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Can the Right Accessory Take Crypto Mainstream?

Ledger, a maker of hardware wallets for crypto and digital assets, has teamed with the creator of the iPod for a new product it believes could make the technology more desirable to consumers.
A product photo shows three Ledger Stax devices against a black background.
Ledger Stax. (Ledger)

During a year in which cryptocurrency and NFT values plunged, the crypto market suffered one of its biggest blows last month with the collapse of FTX, a crypto exchange previously seen as one of the more stable and reputable companies in the space. For crypto sceptics, it raised still more questions about the long-term future of digital assets.

Ian Rogers, the former chief digital officer of LVMH and now chief experience officer of Ledger, a maker of hardware wallets for crypto assets, is not among them.

“We’re concerned that people have been defrauded and lost money. We’re concerned that the market may cool off and it might take people a while to come back in. Am I concerned that maybe we won’t have digital assets over the long term?” Rogers said. “Not the slightest bit.”

The company imagines a future where everything from a Soho House membership card to your passport will one day be a digital document secured and carried in a hardware wallet. In an effort to bring that vision to life, Ledger has teamed with Tony Fadell, the former Apple designer and engineer credited with creating the iPod and co-creating the iPhone, on a new product Rogers and Fadell tout as having the potential to put digital assets in the pockets of mainstream consumers around the world, much like the iPod did for digital music. Called Stax, it’s a hardware wallet planned for release in early 2023 and a bet that, despite the events of this year, crypto and digital assets could still become widely used with the right product.

“Tony saw an opportunity coming from his experience for something that was much more beautiful, much more desirable and also more mainstream” than Ledger’s previous devices, Rogers said.

To understand why Ledger sees Stax as a step forward for digital assets, it helps to understand how a crypto wallet works. Despite the name, it doesn’t hold any assets itself. Those are stored on the blockchain. It’s really a private key for your blockchain address. But a wallet connected to the internet is vulnerable to hacking — a rampant problem in the crypto world — while one that’s not is more secure but also more difficult to use.

Ledger’s hardware wallets try to offer the best of both options. They’re a bit like USB drives that can store your private key and let you complete transactions within the device. According to Rogers, they’re far more secure than a phone or computer for holding digital assets, and for that reason will only become more important as more of our stuff becomes digital. In his view, the luxury industry will be affected by digital assets more than most, because as more of our lives take place online, our status symbols will be increasingly digital as well. Ledger even collaborated with Fendi on a hardware wallet earlier this year.

What was missing from Ledger’s lineup, in the opinion of Rogers and Fadell, was hardware that could draw in the average consumer — much as the iPod wasn’t the first mp3 player on the market but was the one to spark the boom in digital music.

Where Ledger’s previous products tend to look like USB drives, Stax is a roughly credit card-sized gadget with a wraparound e-ink screen — so you can tell what’s inside — and embedded magnets that make them easily stackable. In hand, it’s a bit like a mini hard drive with a satisfying weight, and the different displays the e-ink screen allows make the devices feel like trading cards if you’ve got more than one. Ledger sees it as the foundation for an ecosystem of products, again like the iPod, which wasn’t an overnight success.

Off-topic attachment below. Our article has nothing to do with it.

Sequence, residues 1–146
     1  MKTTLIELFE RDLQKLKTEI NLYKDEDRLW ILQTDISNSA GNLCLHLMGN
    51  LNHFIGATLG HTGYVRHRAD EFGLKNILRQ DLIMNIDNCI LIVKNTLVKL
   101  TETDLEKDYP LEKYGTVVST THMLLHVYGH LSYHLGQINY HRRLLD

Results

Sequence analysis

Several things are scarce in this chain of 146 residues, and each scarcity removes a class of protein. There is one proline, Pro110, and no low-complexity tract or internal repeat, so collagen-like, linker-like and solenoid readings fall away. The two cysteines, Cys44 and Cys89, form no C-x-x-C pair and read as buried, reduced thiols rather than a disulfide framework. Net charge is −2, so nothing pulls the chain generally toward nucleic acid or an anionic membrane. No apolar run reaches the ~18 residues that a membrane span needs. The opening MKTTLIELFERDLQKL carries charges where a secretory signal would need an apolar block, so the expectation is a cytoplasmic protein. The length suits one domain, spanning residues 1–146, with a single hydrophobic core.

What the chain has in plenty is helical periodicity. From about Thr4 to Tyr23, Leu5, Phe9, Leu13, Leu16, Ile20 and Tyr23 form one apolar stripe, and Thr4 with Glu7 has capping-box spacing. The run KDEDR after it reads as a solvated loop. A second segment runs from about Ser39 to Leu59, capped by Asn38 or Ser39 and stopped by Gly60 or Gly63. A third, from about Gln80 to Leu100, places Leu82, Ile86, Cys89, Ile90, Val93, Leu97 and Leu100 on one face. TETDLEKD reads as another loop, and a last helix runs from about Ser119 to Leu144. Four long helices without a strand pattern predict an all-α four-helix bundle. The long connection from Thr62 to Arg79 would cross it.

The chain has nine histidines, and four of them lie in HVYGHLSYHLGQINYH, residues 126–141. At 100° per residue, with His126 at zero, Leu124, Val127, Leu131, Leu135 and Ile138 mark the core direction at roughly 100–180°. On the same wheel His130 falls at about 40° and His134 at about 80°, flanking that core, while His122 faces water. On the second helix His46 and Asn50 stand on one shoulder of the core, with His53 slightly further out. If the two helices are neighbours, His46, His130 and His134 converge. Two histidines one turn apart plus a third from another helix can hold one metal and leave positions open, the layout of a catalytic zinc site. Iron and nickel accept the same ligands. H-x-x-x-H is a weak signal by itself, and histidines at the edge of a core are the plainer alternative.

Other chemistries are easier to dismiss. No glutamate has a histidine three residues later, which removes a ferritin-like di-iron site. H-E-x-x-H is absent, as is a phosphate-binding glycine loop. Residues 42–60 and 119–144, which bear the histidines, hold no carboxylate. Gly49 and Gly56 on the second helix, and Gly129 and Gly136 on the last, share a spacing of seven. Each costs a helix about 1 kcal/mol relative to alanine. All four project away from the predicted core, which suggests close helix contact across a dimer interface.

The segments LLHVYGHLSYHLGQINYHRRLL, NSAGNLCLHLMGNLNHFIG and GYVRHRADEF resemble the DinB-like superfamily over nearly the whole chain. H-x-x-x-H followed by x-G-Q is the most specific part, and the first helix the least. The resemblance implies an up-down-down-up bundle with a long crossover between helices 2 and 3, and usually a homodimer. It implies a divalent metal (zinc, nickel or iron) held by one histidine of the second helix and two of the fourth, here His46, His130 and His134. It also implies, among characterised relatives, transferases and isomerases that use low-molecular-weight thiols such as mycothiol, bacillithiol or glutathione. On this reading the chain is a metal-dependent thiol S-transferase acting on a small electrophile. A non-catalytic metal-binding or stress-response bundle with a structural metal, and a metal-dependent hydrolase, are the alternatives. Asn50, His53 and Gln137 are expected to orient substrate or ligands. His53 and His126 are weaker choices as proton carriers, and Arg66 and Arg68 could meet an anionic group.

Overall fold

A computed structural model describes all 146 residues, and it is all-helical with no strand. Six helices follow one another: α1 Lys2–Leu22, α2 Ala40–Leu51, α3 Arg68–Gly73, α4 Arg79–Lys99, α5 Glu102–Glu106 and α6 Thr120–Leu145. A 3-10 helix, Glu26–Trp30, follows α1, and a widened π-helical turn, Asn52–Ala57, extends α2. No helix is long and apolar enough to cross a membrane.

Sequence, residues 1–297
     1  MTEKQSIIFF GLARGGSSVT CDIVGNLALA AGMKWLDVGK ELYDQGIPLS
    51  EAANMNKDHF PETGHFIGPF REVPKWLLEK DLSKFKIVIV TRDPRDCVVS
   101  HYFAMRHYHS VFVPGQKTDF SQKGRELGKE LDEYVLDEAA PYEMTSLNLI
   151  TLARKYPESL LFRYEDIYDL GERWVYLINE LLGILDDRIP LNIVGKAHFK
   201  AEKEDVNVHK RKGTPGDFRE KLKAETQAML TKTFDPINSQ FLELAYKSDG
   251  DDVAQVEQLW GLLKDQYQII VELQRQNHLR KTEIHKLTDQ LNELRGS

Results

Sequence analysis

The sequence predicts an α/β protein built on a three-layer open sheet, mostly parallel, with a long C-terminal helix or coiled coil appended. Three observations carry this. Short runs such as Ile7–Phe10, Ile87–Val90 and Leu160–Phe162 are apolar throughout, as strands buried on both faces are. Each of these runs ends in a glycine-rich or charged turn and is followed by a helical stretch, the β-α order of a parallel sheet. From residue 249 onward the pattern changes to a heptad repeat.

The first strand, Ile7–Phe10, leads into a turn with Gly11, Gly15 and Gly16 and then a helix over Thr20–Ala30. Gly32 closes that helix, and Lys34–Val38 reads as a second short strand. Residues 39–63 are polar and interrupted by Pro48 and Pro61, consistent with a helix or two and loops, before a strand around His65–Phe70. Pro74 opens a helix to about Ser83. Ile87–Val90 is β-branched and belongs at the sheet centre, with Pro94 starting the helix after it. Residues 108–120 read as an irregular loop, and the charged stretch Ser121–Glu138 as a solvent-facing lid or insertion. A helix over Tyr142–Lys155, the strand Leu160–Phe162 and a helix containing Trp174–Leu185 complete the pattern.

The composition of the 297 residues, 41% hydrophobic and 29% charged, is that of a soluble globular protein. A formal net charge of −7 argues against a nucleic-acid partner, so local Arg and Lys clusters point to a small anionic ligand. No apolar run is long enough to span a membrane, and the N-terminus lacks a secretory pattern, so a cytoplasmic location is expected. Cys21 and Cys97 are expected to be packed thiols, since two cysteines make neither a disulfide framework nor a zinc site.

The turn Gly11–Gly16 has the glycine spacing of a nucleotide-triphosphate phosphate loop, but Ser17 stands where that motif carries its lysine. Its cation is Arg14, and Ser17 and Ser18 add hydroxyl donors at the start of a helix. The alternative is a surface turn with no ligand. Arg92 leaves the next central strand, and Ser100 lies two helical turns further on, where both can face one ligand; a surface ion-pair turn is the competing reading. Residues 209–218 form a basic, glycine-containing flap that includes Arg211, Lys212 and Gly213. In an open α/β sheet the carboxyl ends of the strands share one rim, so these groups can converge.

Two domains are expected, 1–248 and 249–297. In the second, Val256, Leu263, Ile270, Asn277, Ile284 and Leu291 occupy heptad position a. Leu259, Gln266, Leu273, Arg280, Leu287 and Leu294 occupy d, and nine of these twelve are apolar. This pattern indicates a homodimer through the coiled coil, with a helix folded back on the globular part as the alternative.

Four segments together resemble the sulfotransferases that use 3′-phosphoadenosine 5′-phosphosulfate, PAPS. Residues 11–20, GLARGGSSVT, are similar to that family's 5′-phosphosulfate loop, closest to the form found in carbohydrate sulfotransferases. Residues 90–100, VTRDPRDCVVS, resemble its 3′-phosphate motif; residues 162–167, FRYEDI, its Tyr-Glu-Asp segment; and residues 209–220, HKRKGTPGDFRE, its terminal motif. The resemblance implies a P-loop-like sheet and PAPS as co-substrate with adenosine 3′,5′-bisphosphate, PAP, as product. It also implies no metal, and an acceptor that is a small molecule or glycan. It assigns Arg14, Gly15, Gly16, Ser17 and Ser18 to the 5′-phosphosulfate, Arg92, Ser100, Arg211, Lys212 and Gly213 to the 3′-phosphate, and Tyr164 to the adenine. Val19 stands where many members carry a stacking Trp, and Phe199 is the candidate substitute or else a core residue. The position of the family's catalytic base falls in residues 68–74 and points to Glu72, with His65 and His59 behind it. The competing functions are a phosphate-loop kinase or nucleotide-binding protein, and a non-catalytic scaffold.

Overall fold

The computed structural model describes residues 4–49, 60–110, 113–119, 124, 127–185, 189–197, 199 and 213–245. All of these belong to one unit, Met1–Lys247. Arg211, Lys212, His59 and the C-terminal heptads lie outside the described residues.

Three Ledger Stax devices are held by a model whose hands are shown in close-up.

Fadell came up with the design after surveying all the hardware wallets on the market and finding them to be mostly plain black devices that didn’t communicate anything about the assets they held, which was a problem. Ledger has found many customers buy multiple wallets to store different types of assets, keeping the bulk of their cryptocurrency in one wallet, for instance, while using another for collectable NFTs. Fadell found a flexible e-ink screen that allowed for an always-on display without using much power. From playing with his kids’ Magna-Tiles building sets, he got the idea to use magnets to make them stack easily.

“You have to have a blend of rational and emotional,” he said, adding it’s the combination that enables a connection with a large set of consumers.

Whether digital assets will follow the path of digital music is yet to be seen. When Apple first announced the iPod, co-founder and then chief executive Steve Jobs introduced it by saying music is a part of everyone’s life and will always be around.

“This is not a speculative market,” he said.

Financial speculation, however, has been a driving force in the market for crypto and NFTs. The trajectory of that market this year has likely deterred plenty of curious consumers from jumping in.

Fadell compared the current moment to the late 1990s and early 2000s, when the Dot-com bubble swelled and burst but ultimately gave rise to much of the internet and technology of today. Amid the current tech turmoil, Ledger hopes to be one of the companies to come out stronger on the other side.

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Further Reading

The reasons some fashion NFTs are successes and others fall flat goes beyond having big, recognisable brands involved and comes down to factors like their creativity, audience and value for the price.



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